Review: 'Treeless Mountain'
Intimate drama about two young sisters left with an aunt captures the frights and resilience of childhood.
Like "Wendy and Lucy," "Treeless Mountain" is one of those artfully smallscale movies in which nothing happens and everything happens. It's about two young girls, 7-year-old Jin (Hee Yeon Kim) and her younger sister Bin. (Song Hee Kim), who are left by their distraught mother (Soo Ah Lee) in the care of their aunt (Mi Hyang Kim) while she attempts to reconcile with her errant husband. The mother gives the girls a piggy bank and tells them that for each good deed they perform for Big Aunt, as she is called, a coin will be deposited. When the bank is filled, she promises to return.
The writer-director So Yong Kim was born in South Korea and immigrated to America when she was 12. Parts of this film, her second, are somewhat autobiographical. In any case, it has an intensely personal feel. Kim films the two children very close in, and although at times this approach is claustrophobia-inducing, her instincts are mostly right. The girls, who have never acted before, have marvelous faces and an ineffable ease in front of the camera. These are two of the best child performances I have ever seen (credit for which, especially given their ages, must largely go to Kim).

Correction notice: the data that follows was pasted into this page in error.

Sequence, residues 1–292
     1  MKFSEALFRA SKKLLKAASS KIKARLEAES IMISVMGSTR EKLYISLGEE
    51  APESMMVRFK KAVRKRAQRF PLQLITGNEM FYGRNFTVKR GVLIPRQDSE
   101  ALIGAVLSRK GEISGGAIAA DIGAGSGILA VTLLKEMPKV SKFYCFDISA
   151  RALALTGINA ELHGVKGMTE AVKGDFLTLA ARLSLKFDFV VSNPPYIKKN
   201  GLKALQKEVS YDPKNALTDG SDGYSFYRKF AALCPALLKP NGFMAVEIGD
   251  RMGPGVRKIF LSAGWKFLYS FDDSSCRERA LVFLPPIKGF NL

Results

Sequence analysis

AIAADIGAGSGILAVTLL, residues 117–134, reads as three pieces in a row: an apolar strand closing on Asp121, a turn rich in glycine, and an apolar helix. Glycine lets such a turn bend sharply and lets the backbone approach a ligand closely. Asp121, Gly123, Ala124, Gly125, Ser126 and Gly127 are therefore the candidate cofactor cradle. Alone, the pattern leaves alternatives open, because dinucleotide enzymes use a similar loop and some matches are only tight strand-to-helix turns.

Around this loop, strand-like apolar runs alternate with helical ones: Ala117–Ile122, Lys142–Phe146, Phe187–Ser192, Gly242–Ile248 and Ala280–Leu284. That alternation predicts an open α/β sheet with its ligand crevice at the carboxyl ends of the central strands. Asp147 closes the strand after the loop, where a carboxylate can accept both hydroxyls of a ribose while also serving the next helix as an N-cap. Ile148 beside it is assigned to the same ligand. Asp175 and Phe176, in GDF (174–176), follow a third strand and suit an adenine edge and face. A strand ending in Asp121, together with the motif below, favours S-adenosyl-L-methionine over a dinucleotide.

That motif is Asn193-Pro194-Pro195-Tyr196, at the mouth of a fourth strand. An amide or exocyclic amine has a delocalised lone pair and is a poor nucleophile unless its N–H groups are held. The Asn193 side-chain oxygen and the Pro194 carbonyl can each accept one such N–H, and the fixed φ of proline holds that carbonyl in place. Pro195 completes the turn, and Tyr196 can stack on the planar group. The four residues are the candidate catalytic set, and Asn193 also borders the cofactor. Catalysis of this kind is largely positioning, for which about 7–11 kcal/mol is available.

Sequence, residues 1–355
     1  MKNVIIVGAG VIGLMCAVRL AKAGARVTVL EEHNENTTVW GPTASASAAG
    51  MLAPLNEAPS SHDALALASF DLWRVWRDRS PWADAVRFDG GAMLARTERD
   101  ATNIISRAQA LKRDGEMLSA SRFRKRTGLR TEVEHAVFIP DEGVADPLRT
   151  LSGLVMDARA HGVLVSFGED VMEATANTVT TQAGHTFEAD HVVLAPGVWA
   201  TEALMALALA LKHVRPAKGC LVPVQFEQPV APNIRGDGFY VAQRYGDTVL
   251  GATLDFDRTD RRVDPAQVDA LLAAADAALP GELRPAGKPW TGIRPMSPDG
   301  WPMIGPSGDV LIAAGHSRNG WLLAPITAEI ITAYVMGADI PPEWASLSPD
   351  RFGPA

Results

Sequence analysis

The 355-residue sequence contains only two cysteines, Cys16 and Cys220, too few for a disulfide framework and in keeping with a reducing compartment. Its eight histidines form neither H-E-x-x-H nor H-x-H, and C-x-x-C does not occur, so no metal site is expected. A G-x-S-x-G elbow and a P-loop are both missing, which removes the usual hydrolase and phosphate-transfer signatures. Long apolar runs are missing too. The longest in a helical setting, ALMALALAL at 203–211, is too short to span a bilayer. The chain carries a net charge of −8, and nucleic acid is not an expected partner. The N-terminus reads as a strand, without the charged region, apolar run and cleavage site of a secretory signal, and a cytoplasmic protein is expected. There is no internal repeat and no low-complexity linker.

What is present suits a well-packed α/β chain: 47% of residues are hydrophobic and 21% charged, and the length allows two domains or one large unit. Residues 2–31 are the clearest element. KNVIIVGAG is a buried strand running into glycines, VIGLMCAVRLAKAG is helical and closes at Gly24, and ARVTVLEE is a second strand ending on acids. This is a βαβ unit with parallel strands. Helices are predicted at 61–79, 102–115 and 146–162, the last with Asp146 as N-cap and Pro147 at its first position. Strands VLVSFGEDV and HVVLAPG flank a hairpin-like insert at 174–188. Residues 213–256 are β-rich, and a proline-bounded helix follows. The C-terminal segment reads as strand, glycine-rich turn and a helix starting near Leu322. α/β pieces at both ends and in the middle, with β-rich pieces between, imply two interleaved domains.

Kim captures the frights and resilience of childhood. When the girls forage in the fields for grasshoppers to skewer and sell as tidbits to passersby, the absurdity of their expedition is matched by a hard reality – they think that only a filled piggy bank will bring back their mother. When it's finally filled they wait, bereft, for their mother at a nearby bus stop, because this is where they last saw her. This brief moment ranks with the most piercing sequences from "Forbidden Games" (1952) and "Shoeshine," (1947) two masterpieces about the loss of childhood innocence.
Jin and Bin don't really lose their innocence, though. They are too bewildered by the corruptions of the adult world to understand what is going on. Their aunt is an alcoholic and would rather not have the burden of caring for these two babes in the woods. Still, she is not villainous – just somewhat indifferent. Kim has such an all-encompassing view of humanity that no one in this film, not even the bit players, comes across as anything but fully dimensional.
When, in its closing section, "Treeless Mountain" moves from the city to the farmlands where the girls' grandparents reside, it's as if the film has taken a deep breath. Kim doesn't sentimentalize this transition – she doesn't sentimentalize anything – but we feel, along with the girls, that some sort of accord with nature itself has been reached. Their marvelous old grandma (Boon Tak Park), with her indulgences and her folk remedies, is an embodiment of all that has been missing in their lives. In the end, this melancholy, inspiriting movie achieves a breathtaking emotional harmoniousness. Grade: A